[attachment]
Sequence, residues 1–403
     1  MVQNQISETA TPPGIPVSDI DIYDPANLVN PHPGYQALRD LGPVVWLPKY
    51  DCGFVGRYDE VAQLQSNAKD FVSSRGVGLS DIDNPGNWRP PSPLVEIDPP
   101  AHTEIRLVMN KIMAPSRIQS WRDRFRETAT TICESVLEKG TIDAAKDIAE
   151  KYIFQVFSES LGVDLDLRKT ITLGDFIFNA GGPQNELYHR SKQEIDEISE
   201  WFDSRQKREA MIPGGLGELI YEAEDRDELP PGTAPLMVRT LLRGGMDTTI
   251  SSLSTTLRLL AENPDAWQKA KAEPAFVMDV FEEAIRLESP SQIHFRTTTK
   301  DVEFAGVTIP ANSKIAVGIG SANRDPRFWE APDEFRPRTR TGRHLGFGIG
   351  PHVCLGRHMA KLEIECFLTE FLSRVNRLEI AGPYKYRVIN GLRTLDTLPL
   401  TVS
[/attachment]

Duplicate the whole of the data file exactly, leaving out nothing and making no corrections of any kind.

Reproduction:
Sequence, residues 1–403
     1  MVQNQISETA TPPGIPVSDI DIYDPANLVN PHPGYQALRD LGPVVWLPKY
    51  DCGFVGRYDE VAQLQSNAKD FVSSRGVGLS DIDNPGNWRP PSPLVEIDPP
   101  AHTEIRLVMN KIMAPSRIQS WRDRFRETAT TICESVLEKG TIDAAKDIAE
   151  KYIFQVFSES LGVDLDLRKT ITLGDFIFNA GGPQNELYHR SKQEIDEISE
   201  WFDSRQKREA MIPGGLGELI YEAEDRDELP PGTAPLMVRT LLRGGMDTTI
   251  SSLSTTLRLL AENPDAWQKA KAEPAFVMDV FEEAIRLESP SQIHFRTTTK
   301  DVEFAGVTIP ANSKIAVGIG SANRDPRFWE APDEFRPRTR TGRHLGFGIG
   351  PHVCLGRHMA KLEIECFLTE FLSRVNRLEI AGPYKYRVIN GLRTLDTLPL
   401  TVS